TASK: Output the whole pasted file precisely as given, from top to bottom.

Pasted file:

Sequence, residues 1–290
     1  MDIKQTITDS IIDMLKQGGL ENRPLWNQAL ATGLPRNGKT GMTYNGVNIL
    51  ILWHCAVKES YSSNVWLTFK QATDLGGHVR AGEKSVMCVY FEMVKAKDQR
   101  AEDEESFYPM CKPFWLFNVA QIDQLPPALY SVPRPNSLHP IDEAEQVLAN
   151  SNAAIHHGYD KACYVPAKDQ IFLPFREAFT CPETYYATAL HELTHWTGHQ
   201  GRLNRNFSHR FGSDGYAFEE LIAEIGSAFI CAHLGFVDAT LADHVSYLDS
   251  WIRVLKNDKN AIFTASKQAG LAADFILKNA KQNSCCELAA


Sequence, residues 1–290
     1  MDIKQTITDS IIDMLKQGGL ENRPLWNQAL ATGLPRNGKT GMTYNGVNIL
    51  ILWHCAVKES YSSNVWLTFK QATDLGGHVR AGEKSVMCVY FEMVKAKDQR
   101  AEDEESFYPM CKPFWLFNVA QIDQLPPALY SVPRPNSLHP IDEAEQVLAN
   151  SNAAIHHGYD KACYVPAKDQ IFLPFREAFT CPETYYATAL HELTHWTGHQ
   201  GRLNRNFSHR FGSDGYAFEE LIAEIGSAFI CAHLGFVDAT LADHVSYLDS
   251  WIRVLKNDKN AIFTASKQAG LAADFILKNA KQNSCCELAA